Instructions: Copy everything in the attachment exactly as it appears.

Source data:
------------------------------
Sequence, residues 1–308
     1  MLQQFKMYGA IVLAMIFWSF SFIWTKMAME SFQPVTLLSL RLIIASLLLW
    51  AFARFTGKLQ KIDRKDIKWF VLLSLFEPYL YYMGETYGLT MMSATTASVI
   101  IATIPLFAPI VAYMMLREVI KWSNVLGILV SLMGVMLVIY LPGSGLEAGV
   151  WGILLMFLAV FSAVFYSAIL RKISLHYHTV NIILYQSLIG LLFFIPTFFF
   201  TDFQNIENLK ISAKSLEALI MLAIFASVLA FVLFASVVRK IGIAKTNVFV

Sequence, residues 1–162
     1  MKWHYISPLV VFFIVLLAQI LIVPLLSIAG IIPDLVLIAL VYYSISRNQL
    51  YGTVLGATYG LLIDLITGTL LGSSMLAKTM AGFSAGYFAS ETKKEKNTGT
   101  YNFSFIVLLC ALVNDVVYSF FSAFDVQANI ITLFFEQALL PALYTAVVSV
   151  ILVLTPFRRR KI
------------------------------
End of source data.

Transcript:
Sequence, residues 1–308
     1  MLQQFKMYGA IVLAMIFWSF SFIWTKMAME SFQPVTLLSL RLIIASLLLW
    51  AFARFTGKLQ KIDRKDIKWF VLLSLFEPYL YYMGETYGLT MMSATTASVI
   101  IATIPLFAPI VAYMMLREVI KWSNVLGILV SLMGVMLVIY LPGSGLEAGV
   151  WGILLMFLAV FSAVFYSAIL RKISLHYHTV NIILYQSLIG LLFFIPTFFF
   201  TDFQNIENLK ISAKSLEALI MLAIFASVLA FVLFASVVRK IGIAKTNVFV

Sequence, residues 1–162
     1  MKWHYISPLV VFFIVLLAQI LIVPLLSIAG IIPDLVLIAL VYYSISRNQL
    51  YGTVLGATYG LLIDLITGTL LGSSMLAKTM AGFSAGYFAS ETKKEKNTGT
   101  YNFSFIVLLC ALVNDVVYSF FSAFDVQANI ITLFFEQALL PALYTAVVSV
   151  ILVLTPFRRR KI